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Welcome Statement: I began as a student of Romanticism and the lyric, but a number of factors, including acute hay-fever, pushed me quickly into modernism. The focus of my doctoral work was early 20th-century British and American literature and time philosophy. I am also interested in race and atavism, models of history and identity in cultural and ethnic studies, and time-travel narratives. I have a real weakness for popular culture, especially bad Hollywood films, love songs, and reality television.Current and Recent Courses: Time Travels; Situating the Modern: The Subject in History; Modernism in Art and Literature: From the Primitive to the Abstract to the Political; Asian American Literature; What Is “Ethnic” American Literature?; Literary Theory: Thinking Through Cultural Theory and Literary StudiesRecent Publications:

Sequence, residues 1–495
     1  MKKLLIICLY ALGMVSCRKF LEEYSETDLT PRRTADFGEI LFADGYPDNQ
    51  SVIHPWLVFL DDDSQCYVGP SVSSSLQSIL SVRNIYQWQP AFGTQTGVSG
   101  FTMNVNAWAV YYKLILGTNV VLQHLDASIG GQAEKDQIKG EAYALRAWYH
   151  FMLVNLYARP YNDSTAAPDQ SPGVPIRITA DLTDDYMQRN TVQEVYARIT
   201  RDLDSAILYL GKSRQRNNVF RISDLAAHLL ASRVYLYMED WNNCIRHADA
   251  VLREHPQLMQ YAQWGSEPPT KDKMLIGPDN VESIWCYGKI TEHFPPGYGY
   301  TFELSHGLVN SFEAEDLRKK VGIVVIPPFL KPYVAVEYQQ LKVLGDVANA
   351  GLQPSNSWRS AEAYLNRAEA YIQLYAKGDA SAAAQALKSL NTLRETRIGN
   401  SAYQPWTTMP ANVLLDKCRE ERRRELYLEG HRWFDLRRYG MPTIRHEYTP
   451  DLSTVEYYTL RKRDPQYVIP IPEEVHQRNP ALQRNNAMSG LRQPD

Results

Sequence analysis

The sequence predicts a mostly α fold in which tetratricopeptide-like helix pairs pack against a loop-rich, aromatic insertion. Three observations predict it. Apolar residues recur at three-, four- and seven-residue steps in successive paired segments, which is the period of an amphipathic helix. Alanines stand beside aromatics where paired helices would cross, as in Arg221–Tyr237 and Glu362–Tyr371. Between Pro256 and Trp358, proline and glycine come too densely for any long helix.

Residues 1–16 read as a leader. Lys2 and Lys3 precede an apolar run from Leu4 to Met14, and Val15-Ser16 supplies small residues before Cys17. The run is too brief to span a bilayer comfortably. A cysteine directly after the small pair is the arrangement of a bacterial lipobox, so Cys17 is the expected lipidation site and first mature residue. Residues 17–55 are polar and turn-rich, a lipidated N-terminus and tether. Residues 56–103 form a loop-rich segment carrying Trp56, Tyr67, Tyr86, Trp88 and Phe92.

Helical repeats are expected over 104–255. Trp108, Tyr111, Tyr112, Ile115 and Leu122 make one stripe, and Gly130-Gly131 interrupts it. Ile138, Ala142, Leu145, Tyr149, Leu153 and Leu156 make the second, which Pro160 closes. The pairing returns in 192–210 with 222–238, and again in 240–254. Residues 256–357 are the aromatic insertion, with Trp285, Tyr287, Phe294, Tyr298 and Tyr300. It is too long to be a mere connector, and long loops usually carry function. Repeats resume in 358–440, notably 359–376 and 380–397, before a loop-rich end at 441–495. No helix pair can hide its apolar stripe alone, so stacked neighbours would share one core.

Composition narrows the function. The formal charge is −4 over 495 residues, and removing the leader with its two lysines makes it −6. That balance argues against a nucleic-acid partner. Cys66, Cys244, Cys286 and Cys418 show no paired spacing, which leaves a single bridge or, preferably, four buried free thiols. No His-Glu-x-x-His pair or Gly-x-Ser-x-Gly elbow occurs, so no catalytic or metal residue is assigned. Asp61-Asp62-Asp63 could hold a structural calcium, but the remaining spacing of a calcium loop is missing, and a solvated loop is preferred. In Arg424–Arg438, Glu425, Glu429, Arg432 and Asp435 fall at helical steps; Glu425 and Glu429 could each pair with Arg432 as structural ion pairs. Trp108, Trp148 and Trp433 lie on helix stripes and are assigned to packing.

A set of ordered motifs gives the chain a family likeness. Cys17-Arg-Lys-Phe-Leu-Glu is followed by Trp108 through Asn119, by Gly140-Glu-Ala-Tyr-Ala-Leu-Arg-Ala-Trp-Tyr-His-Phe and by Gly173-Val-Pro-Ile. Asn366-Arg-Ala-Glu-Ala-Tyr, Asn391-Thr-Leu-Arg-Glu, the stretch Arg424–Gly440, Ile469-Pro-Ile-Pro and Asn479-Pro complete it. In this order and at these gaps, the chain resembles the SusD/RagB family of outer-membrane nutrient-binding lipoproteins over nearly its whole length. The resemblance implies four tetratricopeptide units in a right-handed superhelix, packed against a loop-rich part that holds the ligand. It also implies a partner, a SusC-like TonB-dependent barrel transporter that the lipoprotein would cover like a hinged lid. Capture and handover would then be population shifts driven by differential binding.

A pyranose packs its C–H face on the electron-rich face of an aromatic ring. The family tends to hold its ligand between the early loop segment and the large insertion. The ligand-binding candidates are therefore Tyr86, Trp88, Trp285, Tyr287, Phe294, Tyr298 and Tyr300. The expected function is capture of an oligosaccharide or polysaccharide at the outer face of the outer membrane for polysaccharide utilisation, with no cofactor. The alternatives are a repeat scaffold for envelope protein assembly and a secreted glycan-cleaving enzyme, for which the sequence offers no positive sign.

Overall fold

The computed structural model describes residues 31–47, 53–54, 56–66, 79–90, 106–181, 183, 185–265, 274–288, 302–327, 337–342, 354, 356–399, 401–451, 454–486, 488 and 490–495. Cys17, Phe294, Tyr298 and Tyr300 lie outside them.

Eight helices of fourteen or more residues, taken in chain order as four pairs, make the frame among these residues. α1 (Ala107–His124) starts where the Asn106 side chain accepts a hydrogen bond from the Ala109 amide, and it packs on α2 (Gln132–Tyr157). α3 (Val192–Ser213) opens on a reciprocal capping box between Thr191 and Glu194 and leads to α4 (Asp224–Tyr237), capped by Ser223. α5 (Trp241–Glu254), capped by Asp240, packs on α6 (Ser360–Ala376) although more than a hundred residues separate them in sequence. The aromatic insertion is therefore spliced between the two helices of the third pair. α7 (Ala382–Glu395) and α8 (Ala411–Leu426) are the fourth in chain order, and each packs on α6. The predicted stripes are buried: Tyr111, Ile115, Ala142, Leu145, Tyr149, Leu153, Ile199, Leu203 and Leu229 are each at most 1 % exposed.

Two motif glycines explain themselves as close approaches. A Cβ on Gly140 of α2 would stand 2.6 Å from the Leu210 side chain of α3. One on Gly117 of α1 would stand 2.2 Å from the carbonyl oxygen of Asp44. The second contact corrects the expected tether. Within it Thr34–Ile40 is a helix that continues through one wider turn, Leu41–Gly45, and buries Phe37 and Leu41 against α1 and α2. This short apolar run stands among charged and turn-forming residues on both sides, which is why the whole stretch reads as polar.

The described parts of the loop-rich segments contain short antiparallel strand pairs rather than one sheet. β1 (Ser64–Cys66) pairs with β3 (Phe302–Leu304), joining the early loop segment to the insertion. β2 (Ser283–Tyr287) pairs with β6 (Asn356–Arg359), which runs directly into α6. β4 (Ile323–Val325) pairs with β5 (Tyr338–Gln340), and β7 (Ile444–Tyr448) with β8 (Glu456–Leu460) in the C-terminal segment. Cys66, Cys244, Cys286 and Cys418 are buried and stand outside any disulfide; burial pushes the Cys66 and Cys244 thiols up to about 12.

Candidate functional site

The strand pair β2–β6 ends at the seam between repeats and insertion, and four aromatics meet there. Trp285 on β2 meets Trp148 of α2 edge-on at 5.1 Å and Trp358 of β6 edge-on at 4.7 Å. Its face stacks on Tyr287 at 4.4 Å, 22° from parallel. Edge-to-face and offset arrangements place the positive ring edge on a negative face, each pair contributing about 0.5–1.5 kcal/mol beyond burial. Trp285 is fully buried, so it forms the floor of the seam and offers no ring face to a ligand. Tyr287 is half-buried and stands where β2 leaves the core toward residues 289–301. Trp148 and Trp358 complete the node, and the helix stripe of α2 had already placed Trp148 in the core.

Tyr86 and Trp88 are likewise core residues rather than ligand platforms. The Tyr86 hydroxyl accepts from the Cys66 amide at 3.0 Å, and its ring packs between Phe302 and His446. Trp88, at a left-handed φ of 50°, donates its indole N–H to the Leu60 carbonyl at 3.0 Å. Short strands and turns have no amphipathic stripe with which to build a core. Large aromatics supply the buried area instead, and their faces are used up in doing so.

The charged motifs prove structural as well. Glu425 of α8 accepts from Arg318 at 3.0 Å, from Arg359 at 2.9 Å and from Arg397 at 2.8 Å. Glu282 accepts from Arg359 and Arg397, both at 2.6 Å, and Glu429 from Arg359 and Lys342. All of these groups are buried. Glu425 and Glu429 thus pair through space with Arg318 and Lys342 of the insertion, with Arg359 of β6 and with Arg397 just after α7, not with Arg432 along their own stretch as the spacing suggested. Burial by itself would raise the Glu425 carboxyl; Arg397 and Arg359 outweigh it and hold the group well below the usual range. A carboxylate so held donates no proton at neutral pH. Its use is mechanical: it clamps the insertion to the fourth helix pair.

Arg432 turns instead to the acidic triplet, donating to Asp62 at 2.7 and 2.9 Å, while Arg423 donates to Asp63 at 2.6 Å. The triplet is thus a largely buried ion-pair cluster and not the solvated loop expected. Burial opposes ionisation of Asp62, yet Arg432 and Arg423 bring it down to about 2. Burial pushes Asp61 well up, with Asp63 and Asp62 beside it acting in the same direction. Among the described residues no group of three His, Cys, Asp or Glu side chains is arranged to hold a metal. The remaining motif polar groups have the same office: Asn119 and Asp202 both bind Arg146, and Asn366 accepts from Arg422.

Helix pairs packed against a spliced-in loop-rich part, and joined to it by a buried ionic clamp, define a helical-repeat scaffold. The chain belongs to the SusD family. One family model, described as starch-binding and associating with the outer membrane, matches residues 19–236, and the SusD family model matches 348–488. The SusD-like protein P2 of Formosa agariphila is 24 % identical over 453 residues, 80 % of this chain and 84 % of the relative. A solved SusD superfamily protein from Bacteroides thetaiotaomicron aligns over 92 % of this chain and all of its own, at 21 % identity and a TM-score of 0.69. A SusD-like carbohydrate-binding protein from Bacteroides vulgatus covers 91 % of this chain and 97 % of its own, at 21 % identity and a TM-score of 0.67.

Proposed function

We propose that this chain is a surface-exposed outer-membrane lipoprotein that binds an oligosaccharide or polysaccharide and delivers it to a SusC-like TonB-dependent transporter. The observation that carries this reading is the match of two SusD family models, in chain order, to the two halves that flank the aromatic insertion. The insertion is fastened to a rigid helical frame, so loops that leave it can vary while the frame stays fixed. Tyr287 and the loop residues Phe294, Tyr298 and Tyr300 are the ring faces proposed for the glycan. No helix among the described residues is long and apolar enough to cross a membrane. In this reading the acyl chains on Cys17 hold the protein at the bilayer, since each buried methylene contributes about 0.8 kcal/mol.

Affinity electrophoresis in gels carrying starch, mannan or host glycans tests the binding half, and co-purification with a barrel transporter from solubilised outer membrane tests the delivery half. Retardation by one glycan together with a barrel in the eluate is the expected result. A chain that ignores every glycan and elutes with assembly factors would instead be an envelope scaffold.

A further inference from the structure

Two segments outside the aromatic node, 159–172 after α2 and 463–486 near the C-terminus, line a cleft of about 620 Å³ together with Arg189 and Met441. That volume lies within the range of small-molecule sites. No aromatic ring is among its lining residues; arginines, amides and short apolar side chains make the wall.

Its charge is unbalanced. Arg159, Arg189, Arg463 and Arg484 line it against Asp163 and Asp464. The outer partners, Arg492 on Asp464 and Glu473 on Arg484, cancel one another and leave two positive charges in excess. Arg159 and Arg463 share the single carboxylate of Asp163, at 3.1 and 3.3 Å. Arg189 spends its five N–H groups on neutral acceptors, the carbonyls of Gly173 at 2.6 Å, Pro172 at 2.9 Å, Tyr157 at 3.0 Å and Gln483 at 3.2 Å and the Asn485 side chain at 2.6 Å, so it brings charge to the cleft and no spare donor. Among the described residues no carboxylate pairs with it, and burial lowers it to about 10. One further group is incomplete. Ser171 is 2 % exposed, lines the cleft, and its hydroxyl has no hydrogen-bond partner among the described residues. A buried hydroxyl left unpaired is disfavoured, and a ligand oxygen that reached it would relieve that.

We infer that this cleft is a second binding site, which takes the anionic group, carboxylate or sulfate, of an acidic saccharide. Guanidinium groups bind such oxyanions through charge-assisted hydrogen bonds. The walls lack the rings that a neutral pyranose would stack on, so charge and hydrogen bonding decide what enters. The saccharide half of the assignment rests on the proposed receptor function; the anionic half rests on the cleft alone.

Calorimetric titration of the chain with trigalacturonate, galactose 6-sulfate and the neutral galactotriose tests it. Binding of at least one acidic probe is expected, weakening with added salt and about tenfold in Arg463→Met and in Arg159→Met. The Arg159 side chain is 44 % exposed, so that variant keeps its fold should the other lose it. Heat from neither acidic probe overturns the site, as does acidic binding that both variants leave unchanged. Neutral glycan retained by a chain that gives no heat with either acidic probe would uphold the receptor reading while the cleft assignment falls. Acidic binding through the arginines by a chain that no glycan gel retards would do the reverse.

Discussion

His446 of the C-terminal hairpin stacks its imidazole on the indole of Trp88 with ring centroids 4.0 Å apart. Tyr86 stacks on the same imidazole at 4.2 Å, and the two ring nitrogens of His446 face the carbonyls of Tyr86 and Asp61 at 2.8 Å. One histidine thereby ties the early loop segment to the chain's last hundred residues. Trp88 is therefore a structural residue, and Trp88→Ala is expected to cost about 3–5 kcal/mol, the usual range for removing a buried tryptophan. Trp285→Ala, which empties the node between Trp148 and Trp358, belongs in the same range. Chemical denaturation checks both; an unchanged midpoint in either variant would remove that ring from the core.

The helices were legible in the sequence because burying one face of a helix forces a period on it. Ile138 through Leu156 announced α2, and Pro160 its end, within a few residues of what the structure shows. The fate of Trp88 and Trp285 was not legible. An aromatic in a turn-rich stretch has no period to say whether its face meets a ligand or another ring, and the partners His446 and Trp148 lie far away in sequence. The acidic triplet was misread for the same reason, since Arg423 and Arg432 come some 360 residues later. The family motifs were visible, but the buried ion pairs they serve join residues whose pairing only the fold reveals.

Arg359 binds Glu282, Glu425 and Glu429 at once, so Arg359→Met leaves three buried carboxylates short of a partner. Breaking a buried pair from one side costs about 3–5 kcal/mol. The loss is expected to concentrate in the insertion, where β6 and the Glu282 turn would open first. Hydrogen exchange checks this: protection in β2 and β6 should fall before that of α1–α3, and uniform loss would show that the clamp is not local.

“Modernism, Time Machines, and the Defamiliarization of Time.” Configurations 23.1 (Winter 2015): 93-121.“Modernist Heterochrony, Evolutionary Biology, and the Chimera of Time.” Forthcoming in This Year’s Work in the Oddball Archive. Ed. Jonathan P. Eburne and Judith Roof. Bloomington: Indiana University Press, 2015. "Disquieting Time." Common Knowledge 17.2 (2011): 394-410."The Future of Literary Criticism: Assessment, the Curricularized Classroom, and Thick Reading." Literary Study, Measurement, and the Sublime: Disciplinary Assessment. Eds. Donna Heiland and Laura J. Rosenthal. New York: Teagle, 2011. 199-216."Modernism’s News." Symploke: A Journal for Literary, Cultural and Theoretical Scholarship 16.1/2 (2008): 153-69."Modernist Contemporaneity: Rethinking Time in Eliot Studies and The Waste Land." Soundings: An Interdisciplinary Journal 89.3-4 (2007): 379-403.